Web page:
The inverse panel has been moved up one depth unit, and its phase wheel has been rotated anti-clockwise by one position.

Already, the use of the Advanced mode has produced some consequences:


Next, the situation with V=2

N7+2 panel and its inverse
N7+2 panel and its inverse

As the panel and its inverse continue their march in opposite directions, the build depth of the inverse panel is now actually less than its normal partner. This is the shallowest you can build the N7 inverse panel.


Next, the situation with V=3

N7+3 panel and its inverse
N7+3 panel and its inverse

Woah! Something has happened!
The well at position three of the normal panel should be at the maximum depth. However, because the depth range for the normal panel is zero to N-1, this is not allowed.
Since 7 mod 7 = 0, this well becomes zero depth.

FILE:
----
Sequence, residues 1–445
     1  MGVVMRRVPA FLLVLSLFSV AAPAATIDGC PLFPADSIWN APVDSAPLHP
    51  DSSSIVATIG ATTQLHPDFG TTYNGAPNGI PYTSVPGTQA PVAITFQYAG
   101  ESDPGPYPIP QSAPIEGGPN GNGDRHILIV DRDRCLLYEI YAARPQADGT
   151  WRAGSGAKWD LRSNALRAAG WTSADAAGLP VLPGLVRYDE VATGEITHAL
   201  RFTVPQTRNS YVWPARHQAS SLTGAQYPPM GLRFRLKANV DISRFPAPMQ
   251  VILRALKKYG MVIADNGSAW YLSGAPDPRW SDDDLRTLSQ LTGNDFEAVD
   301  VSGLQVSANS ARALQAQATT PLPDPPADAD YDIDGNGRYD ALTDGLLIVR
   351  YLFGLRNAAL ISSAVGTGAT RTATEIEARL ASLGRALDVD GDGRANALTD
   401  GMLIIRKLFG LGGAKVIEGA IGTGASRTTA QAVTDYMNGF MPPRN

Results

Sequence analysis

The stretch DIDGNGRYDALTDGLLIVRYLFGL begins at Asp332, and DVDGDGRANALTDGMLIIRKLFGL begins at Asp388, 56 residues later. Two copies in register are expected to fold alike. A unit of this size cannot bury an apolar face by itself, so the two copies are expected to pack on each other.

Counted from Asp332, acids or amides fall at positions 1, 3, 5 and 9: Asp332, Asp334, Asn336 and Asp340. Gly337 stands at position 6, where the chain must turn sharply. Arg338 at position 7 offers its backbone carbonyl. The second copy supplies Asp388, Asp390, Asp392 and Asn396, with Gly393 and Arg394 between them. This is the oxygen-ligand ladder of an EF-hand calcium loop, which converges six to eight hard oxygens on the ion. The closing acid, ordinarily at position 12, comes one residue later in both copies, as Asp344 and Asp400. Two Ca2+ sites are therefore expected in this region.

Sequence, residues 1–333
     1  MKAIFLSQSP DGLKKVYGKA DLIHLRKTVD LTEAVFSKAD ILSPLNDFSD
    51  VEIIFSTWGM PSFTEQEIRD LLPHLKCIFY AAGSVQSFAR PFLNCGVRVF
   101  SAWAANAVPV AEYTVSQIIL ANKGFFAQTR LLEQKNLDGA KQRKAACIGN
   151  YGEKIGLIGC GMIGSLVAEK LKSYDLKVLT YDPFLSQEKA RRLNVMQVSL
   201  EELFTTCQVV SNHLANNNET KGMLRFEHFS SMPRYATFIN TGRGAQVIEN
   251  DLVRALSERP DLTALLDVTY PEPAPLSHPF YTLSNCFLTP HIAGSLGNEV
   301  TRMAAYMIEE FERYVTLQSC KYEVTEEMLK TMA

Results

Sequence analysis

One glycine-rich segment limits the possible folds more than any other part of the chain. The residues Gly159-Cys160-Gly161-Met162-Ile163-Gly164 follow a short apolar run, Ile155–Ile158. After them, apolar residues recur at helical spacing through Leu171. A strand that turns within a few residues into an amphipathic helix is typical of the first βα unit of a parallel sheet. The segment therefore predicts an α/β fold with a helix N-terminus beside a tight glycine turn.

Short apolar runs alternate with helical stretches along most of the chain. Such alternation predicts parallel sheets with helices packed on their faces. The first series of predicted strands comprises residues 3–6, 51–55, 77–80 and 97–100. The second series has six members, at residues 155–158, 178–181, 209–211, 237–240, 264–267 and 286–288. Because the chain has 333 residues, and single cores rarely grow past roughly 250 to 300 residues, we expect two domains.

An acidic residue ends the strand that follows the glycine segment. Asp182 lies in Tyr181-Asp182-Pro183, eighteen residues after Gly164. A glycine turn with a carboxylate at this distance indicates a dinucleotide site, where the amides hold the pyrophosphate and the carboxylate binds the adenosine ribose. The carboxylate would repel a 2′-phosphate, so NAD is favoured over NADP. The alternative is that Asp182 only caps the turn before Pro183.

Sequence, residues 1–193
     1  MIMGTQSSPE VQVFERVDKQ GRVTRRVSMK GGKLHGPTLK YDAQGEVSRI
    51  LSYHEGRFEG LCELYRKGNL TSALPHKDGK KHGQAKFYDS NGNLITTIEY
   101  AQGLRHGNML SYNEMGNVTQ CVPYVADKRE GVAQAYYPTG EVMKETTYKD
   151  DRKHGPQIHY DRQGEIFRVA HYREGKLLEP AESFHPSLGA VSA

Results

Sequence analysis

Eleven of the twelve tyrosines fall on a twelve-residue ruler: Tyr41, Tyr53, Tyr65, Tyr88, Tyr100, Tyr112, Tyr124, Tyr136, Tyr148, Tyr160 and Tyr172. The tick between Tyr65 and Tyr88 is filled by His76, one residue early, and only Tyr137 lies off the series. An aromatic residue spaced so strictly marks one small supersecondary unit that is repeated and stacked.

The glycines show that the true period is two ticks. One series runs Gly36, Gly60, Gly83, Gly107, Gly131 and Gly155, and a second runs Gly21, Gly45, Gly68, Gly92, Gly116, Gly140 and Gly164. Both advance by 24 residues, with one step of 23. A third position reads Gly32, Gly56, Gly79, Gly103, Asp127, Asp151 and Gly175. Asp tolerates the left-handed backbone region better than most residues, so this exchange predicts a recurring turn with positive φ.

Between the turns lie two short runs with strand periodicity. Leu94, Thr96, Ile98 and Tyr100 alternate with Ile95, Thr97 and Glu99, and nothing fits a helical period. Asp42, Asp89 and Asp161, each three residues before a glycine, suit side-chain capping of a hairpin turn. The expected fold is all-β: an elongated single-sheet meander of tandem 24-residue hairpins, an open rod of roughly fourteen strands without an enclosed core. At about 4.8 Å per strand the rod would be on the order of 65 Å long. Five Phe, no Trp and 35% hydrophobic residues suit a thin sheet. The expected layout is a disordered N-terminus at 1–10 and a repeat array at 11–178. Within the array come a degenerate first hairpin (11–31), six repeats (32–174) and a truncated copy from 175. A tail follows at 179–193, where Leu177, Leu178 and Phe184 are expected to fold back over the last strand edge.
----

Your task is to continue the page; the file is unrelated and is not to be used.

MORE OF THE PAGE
Similar logic applies to the same well of the inverse panel. It was on its way up, and was due to occupy the zero-depth position. The allowable range for the inverse panel is from 1 to N, therefore a zero-depth position is not allowed. It converts into an N depth position, as shown.

Up until now, the well depths have stayed in step as the wells are moved downwards. It is as if the same panel has been mounted one depth unit closer to the wall each time the phase wheel has been rotated.

With this panel, the relative position of the third well with its neighbors has changed, resulting in a new panel with different diffusion angles. This happens each time a solid spoke arrives at the 12 o'clock position of the phase wheel


Next, the situation with V=4

N7+4 panel and its inverse
N7+4 panel and its inverse